Added to Travel With Intent, One Word Sunday, Memory.
Every once in a while I take photos of a subject that I’m a bit conflicted about. This post is about the enemy. The photos in this post were taken at La Cambe German War Cemetery. It’s near Omaha Beach in Normandy France. There are 21,222 German war dead here, ranging in age from 16-72. Most died between 6 June and 20 August 1944. They were the enemy but as the sign on the front of the cemetery stated, “With its melancholy rigour, it is a graveyard for soldiers not all of whom had chosen either the cause or the fight. They too have found rest in our soil of France.” I found the place to be very somber and sad:
This first shot gives a bit of an overview of how the markers are laid out in rows. This second shot it a bit more of a close-up:
It is the square markers and not the crosses that are grave markers. I’d also like to note that some of the markers indicated that the graves are sometimes stacked.
This statue was at the top of the resting place for the unknown soldiers. I have versions of each of these on my Picfair site, if you would like to see them at higher resolution: photo 1, photo 2, photo 3.
When it came to editing, the first two were just edited for clarity. The third is a bit more creative, but I wanted to stick with the somber and ethereal feel of the cemetery itself.
Tough topic, but what do you think? To me, it was a reminder to never lose sight of anyone’s humanity, even those who would stand against you. Feel free to leave a comment below.
Like most weeks, I was working on several things, but one of those things was this image:
I shot it in St. Stephen’s Park in Dublin. It was one of those moments that I didn’t have time to think too much, I had to just take the shot. Someone had just dumped the remains of a bread bag and this was the resulting frenzy. I took the photo knowing it would need some work.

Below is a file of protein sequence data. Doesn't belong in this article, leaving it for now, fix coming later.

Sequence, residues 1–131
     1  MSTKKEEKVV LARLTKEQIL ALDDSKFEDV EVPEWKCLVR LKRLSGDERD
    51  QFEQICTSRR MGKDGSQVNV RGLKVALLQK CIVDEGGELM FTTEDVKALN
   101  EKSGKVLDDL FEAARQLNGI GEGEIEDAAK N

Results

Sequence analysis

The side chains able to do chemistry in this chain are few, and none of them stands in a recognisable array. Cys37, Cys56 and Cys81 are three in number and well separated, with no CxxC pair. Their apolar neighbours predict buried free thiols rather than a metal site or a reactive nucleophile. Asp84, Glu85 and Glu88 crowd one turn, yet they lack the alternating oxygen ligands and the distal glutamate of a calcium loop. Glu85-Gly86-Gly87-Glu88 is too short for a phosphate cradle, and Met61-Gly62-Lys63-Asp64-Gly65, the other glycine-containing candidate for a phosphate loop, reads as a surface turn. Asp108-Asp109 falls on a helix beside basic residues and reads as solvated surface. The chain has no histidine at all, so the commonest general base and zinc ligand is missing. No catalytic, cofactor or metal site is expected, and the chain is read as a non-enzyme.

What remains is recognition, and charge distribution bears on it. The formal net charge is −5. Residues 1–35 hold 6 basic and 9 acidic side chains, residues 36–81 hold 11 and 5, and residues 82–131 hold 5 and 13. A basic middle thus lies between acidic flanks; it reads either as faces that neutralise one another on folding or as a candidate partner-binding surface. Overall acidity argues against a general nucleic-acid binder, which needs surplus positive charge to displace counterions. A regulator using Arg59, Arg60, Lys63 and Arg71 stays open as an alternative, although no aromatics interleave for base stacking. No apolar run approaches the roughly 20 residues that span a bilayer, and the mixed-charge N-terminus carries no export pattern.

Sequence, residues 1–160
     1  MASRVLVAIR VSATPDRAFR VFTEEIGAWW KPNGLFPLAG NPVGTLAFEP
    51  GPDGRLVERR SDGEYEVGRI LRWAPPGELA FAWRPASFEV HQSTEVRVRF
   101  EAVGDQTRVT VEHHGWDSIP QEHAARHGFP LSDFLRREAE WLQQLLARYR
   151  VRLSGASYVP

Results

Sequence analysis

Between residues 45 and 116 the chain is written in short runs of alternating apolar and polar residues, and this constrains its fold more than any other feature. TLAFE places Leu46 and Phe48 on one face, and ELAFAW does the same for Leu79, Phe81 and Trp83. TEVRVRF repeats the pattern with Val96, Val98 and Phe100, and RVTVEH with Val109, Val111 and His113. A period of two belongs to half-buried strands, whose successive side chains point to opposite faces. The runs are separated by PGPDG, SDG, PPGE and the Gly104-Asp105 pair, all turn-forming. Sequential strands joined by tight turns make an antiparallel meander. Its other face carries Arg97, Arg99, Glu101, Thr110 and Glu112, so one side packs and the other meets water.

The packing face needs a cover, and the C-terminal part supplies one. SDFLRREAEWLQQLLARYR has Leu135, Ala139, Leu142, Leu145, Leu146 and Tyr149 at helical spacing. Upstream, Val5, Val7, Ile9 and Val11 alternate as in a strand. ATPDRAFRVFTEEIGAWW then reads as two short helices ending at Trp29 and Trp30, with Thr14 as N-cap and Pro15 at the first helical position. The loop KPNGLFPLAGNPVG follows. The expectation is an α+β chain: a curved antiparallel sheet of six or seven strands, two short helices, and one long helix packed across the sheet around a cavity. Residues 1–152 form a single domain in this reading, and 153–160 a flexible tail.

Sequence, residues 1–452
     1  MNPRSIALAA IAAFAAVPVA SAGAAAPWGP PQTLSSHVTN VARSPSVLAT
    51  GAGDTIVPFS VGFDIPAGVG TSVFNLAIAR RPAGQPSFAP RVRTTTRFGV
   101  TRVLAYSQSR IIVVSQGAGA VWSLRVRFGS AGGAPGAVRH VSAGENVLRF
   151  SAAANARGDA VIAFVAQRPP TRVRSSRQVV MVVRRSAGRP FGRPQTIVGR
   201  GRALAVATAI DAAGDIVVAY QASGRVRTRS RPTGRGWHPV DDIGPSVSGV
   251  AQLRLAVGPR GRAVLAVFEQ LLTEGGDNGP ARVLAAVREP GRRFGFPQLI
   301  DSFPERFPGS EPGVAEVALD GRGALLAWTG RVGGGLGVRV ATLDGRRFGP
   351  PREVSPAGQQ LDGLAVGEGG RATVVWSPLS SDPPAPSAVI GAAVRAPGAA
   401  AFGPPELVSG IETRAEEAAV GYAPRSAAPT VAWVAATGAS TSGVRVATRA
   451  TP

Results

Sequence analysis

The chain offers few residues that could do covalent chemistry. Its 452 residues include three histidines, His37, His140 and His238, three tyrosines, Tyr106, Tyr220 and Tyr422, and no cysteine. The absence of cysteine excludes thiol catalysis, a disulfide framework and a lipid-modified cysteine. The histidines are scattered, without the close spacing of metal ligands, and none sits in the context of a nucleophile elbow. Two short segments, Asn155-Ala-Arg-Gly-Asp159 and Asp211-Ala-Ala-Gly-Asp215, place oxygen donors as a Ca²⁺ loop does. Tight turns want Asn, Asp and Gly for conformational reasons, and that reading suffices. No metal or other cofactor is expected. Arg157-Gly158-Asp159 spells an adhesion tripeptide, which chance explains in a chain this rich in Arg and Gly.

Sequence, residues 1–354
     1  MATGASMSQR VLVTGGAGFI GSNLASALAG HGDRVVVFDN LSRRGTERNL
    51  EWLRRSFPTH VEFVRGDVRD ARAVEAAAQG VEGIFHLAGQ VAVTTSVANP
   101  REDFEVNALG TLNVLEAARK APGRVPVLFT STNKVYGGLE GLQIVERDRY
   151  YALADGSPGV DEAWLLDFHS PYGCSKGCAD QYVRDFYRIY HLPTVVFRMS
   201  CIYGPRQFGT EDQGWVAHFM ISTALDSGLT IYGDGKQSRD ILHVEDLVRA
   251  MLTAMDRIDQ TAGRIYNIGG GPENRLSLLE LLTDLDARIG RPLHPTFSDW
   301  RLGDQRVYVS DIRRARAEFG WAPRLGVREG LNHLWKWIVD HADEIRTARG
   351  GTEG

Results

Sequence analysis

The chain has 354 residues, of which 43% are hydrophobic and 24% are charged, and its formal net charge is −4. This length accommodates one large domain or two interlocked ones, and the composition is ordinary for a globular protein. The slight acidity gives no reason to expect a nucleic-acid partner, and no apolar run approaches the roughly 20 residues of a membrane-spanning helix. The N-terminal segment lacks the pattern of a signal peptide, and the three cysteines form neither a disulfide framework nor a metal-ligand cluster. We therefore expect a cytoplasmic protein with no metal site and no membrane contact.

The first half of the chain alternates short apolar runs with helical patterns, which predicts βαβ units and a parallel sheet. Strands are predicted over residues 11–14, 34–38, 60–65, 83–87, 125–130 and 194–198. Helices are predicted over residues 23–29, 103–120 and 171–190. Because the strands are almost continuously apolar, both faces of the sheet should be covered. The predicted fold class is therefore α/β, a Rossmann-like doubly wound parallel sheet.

Here is the result of my various edits:
I would say that the first thing I thought about was the crop. I tinkered with this a bit, should I leave some people in or not? Ultimately I went with no. It does mean that the final version is a bit top-heavy, with all the birds congregating there. I tried a black and white variation, but it didn’t really sit right.
It is also my habit to read or research about photography and as I was working on this image, I also came across a webinar about bird photography by Scott Bourne.
Here is the webinar I was listening to. Scott has a lot of experience with birds, so what he had to offer on that front is worth considering. I also found it interesting that he spoke a bit about really knowing your gear. I think that is a really important part of photography, you can get better results if you understand the tools you are using. In the case of the photo above, I see me getting some practice, and also demonstrating that I do need some work on getting to know my camera a bit better.
There’s always room for improvement, at least in my case. While this photo isn’t one of the best I’ve ever taken, I like it as a reminder of that moment in the park. Your thoughts on getting to know your gear better or on this particular edit are welcome below.
Added to One Word Sunday, Movement.
Sometimes it takes me a while to get to a final version of a photograph. This shot below was taken on my iPhone and then in Luminar had a “look” (that is what they call a set of predetermined filters) applied to it. This one was called Victorian Postcard: